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Gene Review

Gtpbp1  -  GTP binding protein 1

Mus musculus

Synonyms: AL022987, AW045683, C85212, G-protein 1, GP-1, ...
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Disease relevance of Gtpbp1


Psychiatry related information on Gtpbp1


High impact information on Gtpbp1

  • We also show that this locus can be subdivided into three regions, one of which contains Rgs2, which encodes a regulator of G protein signaling [11].
  • The G protein-coupled, receptor-activated phosphoinositide 3-kinase gamma (PI3Kgamma) mediates inflammatory responses and negatively controls cardiac contractility by reducing cAMP concentration [12].
  • One of the primary genes affected in HSCR encodes the G protein-coupled endothelin receptor-B (EDNRB) [13].
  • A new study shows that three such strains carry activating mutations in the genes encoding the G-protein subunits Galphaq or Galpha11, resulting in more pigment cell precursors and an excess of dermally retained pigment cells at birth [14].
  • These results explain in structural and chemical terms the basis of inward rectification, and they also have implications for G protein regulation of GIRK channels [15].

Chemical compound and disease context of Gtpbp1


Biological context of Gtpbp1


Anatomical context of Gtpbp1

  • G protein was detected within the endoplasmic reticulum, within smooth vesicles and stacks in the Golgi region and on the cell surface [16].
  • Besides Gi, membranes of neuronal tissues contain large amounts of Go, a G-protein with unknown function [2].
  • To address these issues, we have generated mutant mice lacking functional 5-HT2C receptors (previously termed 5-HT1C), prominent G-protein-coupled receptors that are widely expressed throughout the brain and spinal cord and which have been proposed to mediate numerous central nervous system (CNS) actions of serotonin [24].
  • Here we show that adrenaline suppresses B-cell electrical activity (and thus insulin secretion) by a G protein-dependent mechanism, which culminates in the activation of a sulphonylurea-insensitive low-conductance K+ channel distinct from the KATP channel [25].
  • A family of G-protein-coupled chemoattractant receptors is known to mediate the transport and activation of neutrophils and macrophages This family includes receptors for chemokines, such as interleukin-8, bacterial formylated peptides, platelet-activating factor, leukotriene B4, and the complement anaphylatoxins [26].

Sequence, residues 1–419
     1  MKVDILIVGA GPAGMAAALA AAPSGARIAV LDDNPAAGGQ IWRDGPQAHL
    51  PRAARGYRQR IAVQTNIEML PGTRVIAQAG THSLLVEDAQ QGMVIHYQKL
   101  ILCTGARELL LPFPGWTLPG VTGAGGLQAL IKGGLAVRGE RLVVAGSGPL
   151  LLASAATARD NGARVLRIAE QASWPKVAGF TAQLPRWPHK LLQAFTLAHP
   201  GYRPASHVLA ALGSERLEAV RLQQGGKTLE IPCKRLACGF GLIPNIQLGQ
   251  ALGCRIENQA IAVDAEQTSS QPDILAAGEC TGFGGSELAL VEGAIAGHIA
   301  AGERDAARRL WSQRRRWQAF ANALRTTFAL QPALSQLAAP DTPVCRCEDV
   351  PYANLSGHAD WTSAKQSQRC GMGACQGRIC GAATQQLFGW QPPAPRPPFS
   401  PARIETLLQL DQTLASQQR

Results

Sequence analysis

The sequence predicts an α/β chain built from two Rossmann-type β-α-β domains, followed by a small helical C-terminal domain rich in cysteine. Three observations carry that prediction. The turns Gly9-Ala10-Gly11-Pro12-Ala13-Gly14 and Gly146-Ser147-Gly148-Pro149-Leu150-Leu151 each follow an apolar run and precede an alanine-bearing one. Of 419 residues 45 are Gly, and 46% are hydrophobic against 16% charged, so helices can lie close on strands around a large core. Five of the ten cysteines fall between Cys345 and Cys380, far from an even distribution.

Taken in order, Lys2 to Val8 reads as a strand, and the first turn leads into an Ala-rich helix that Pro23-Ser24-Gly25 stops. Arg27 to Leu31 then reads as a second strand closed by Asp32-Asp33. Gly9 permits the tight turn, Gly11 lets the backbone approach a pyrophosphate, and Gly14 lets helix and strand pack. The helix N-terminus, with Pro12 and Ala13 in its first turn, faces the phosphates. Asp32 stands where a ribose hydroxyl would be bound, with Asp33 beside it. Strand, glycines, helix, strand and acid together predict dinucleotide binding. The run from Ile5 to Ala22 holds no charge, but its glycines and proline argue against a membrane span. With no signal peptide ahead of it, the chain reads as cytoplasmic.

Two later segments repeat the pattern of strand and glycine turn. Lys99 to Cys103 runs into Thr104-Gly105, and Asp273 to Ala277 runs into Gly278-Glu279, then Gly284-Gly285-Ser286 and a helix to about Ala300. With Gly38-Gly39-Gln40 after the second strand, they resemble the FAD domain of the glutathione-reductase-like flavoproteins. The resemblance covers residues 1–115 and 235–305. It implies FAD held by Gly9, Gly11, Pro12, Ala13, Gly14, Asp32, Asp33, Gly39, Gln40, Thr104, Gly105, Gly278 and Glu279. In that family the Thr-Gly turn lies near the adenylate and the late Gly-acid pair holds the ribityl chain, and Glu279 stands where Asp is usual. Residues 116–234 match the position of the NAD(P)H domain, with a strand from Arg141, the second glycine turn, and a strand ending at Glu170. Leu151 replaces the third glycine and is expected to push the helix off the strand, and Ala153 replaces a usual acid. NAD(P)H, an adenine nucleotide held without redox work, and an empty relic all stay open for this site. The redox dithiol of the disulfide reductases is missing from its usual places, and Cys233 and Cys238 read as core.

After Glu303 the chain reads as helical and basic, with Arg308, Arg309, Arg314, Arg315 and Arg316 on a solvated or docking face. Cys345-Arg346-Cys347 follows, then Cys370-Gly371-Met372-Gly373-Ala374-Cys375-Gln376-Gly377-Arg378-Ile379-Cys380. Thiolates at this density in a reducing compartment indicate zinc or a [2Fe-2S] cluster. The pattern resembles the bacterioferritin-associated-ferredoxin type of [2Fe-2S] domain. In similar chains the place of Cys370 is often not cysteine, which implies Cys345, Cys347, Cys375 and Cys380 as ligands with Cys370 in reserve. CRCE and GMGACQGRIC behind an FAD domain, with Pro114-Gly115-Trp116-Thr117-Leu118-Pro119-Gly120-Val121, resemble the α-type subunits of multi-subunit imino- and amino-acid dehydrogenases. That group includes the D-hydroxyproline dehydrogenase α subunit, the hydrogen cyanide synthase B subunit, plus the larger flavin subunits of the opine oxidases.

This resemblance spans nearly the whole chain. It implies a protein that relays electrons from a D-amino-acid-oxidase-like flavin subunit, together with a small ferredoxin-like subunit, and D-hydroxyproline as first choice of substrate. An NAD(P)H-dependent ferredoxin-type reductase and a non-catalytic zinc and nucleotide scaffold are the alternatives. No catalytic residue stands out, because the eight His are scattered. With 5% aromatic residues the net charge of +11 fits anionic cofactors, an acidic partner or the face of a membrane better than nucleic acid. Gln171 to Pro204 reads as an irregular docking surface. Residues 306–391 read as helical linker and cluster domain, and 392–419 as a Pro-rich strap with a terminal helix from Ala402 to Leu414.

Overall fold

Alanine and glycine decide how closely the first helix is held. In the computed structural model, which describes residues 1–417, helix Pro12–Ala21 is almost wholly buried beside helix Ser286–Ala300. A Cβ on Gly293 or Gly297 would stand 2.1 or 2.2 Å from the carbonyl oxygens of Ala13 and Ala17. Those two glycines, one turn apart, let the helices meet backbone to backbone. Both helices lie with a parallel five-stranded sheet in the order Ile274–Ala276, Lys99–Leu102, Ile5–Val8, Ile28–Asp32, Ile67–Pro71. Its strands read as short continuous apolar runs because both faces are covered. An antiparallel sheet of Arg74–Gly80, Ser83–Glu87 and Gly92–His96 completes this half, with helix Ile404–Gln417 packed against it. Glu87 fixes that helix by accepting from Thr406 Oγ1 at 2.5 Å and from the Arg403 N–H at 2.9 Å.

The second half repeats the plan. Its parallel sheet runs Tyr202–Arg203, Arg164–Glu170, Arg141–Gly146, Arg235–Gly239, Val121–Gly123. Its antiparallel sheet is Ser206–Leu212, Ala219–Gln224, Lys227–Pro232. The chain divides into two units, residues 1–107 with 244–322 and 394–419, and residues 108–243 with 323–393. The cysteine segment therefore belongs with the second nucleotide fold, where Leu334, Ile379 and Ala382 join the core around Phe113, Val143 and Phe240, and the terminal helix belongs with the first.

Associations of Gtpbp1 with chemical compounds


Physical interactions of Gtpbp1

  • Three cognate G protein-coupled receptors encoded by lpa(1)/lp(A1)/Edg-2/Gpcr26, lpa(2)/lp(A2)/Edg-4, and lpa(3)/lp(A3)/Edg-7 mediate the cellular effects of LPA [31].
  • Inhibitory and stimulatory regulation of Rac and cell motility by the G12/13-Rho and Gi pathways integrated downstream of a single G protein-coupled sphingosine-1-phosphate receptor isoform [32].
  • Regulation of serum response factor (SRF)-mediated gene transcription by G protein subunits and G protein-coupled receptors was investigated in transfected NIH3T3 cells and in a cell line that was derived from mice lacking Galphaq and Galpha11 [33].
  • Signaling from G protein-coupled receptors to c-Jun kinase involves beta gamma subunits of heterotrimeric G proteins acting on a Ras and Rac1-dependent pathway [34].
  • Targeted deletion of the G-protein-coupled endothelin receptors ET(A) and ET(B) was shown to result in characteristic developmental defects of derivatives of cephalic and cardiac neural crest and of neural crest-derived melanocytes and enteric neurons, respectively [35].

Enzymatic interactions of Gtpbp1


Regulatory relationships of Gtpbp1

  • To understand how the function of GIRK2 channels differs in these two mutant mice, we compared the G protein-activated inwardly rectifying K+ currents in cerebellar granule cells isolated from Girk2 null mutant and weaver mutant mice with those from wild-type mice [39].
  • These findings implicate abnormal betaAR-G protein coupling in the pathogenesis of the failing heart and point the way toward development of agents to inhibit betaARK1 as a novel mode of therapy [40].
  • When platelets from mice lacking the G protein-activated PI3Kgamma isoform were stimulated with ADP, aggregation was impaired [41].
  • Increased interleukin-6 production in mouse osteoblastic MC3T3-E1 cells expressing activating mutant of the stimulatory G protein [42].
  • G protein-activated K+ channel (GIRK) subunits possess a conserved extracellular integrin-binding motif (RGD) and bind directly to beta1 integrins [43].

Other interactions of Gtpbp1

  • Morphoregulatory activities of NCAM and N-cadherin can be accounted for by G protein-dependent activation of L- and N-type neuronal Ca2+ channels [44].
  • Heterozygous disruption of Gnas, the gene encoding the stimulatory G-protein alpha subunit (G(s)alpha), leads to distinct phenotypes depending on whether the maternal (m-/+) or paternal (+/p-) allele is disrupted [45].
  • Homer 2 tunes G protein-coupled receptors stimulus intensity by regulating RGS proteins and PLCbeta GAP activities [46].